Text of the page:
But it is not right, sorry. I do feel a tad sorry for them - as it looks like they took all the room sizes, and so on, and contacted their suppliers that recommended a Mitsubishi system with Lossnay and GUG. It was installed, then the issues started.

There are two big issues.

1. It cannot read the room temperature from the controller. This is the controller that comes with it, which they says is not even a "standard spare part" as it is specially for the GUG, yet it has a thermistor in it, and has a setting to use the controller temperature, which it accepts. This fooled us as clearly it was not using the controller, freezer spray made that really easy to demonstrate!

2. It does not seem to be powerful enough.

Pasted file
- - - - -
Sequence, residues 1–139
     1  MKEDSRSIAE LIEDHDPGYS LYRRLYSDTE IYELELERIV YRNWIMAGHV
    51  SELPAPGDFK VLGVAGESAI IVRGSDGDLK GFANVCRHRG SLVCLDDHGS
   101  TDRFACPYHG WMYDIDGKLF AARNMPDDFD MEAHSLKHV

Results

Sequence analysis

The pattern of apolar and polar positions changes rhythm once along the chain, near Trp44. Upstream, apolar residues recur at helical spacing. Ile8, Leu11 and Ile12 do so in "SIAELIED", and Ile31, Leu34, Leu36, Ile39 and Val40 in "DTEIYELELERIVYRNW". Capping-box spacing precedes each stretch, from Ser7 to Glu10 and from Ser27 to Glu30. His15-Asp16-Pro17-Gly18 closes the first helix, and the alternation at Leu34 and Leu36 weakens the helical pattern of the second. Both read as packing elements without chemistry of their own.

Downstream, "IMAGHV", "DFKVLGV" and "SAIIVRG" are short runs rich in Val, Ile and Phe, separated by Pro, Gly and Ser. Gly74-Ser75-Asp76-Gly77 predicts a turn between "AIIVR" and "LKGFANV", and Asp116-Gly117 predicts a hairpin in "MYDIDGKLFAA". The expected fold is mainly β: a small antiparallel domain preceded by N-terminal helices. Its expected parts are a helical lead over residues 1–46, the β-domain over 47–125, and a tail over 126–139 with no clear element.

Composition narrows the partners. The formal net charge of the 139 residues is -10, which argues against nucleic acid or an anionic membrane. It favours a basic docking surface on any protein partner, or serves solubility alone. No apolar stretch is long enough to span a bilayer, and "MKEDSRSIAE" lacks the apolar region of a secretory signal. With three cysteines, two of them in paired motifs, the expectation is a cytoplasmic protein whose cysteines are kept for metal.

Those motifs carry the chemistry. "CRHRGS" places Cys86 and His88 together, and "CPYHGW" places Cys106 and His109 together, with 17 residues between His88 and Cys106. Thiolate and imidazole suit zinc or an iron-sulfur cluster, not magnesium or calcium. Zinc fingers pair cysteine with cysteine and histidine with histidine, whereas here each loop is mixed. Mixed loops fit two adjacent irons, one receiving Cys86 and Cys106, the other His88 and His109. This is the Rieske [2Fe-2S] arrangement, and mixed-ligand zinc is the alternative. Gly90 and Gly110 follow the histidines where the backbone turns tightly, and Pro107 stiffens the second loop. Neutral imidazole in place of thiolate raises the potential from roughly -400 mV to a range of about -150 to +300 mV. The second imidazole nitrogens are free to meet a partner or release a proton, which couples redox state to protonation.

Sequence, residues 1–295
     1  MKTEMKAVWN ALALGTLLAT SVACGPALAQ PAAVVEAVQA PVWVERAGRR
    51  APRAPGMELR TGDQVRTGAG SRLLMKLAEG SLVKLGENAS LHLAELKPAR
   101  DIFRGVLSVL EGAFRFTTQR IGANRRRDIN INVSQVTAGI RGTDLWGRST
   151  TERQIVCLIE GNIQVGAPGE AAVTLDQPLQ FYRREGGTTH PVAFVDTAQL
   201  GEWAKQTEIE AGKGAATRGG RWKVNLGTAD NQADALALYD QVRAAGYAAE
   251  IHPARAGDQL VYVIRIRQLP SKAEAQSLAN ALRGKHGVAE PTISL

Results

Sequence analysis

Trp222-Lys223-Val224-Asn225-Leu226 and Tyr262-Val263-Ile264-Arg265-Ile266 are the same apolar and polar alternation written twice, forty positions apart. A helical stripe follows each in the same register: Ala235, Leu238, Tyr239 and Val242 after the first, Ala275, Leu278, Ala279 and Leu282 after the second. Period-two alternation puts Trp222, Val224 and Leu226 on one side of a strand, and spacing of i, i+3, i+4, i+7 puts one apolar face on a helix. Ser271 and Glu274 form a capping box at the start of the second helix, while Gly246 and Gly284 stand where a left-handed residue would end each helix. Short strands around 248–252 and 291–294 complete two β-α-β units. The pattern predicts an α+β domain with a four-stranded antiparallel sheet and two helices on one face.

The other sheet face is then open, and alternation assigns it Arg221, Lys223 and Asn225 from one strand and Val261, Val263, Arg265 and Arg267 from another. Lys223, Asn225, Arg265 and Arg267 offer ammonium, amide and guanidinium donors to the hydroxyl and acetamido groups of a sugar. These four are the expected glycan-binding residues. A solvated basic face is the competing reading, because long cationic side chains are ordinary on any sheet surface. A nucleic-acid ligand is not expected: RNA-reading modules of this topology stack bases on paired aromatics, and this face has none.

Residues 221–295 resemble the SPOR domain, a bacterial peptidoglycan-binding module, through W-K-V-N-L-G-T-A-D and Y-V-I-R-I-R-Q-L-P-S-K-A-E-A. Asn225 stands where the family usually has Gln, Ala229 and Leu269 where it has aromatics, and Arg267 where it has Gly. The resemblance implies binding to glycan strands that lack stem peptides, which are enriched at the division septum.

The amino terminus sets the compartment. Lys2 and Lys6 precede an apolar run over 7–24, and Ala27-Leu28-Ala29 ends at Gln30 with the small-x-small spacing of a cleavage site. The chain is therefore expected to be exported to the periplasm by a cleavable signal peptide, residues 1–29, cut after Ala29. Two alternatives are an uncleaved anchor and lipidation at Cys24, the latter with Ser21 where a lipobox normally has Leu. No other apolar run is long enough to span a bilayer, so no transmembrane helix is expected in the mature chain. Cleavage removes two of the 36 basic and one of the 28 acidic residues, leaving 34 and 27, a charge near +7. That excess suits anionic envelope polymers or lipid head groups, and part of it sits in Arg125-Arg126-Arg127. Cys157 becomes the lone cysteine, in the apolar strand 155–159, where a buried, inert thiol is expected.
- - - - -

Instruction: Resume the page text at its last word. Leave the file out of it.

The first point is pretty much a show stopper. We have two rooms on each of two systems, and may want to run one or the other or both. The fact we want to cool the "secondary" room was important as my wife and her sister when using the guest room, have very different ideas on a "comfortable temperature"! We do accept that if we are running both rooms at once, then they are not separately controllable - we know that.  That was not actually a problem for us. For the "one or the other" we actually put motorised vents to each room and switched the controllers in each room so only one was connected. Simple, or so we thought. But apparently, even though it has at thermistor and a setting, it can only read the "return air flow", which only comes from one room! Not impossible to fix with more vents and more motorised vents in the pipes for the return air flow, but for one room this meant removing wardrobes, and plaster board and trunking a vent in the wall and lots of work (which we paid for separately) and may now need doing for the "return air" if we do that. Not good. Not impossible to fix.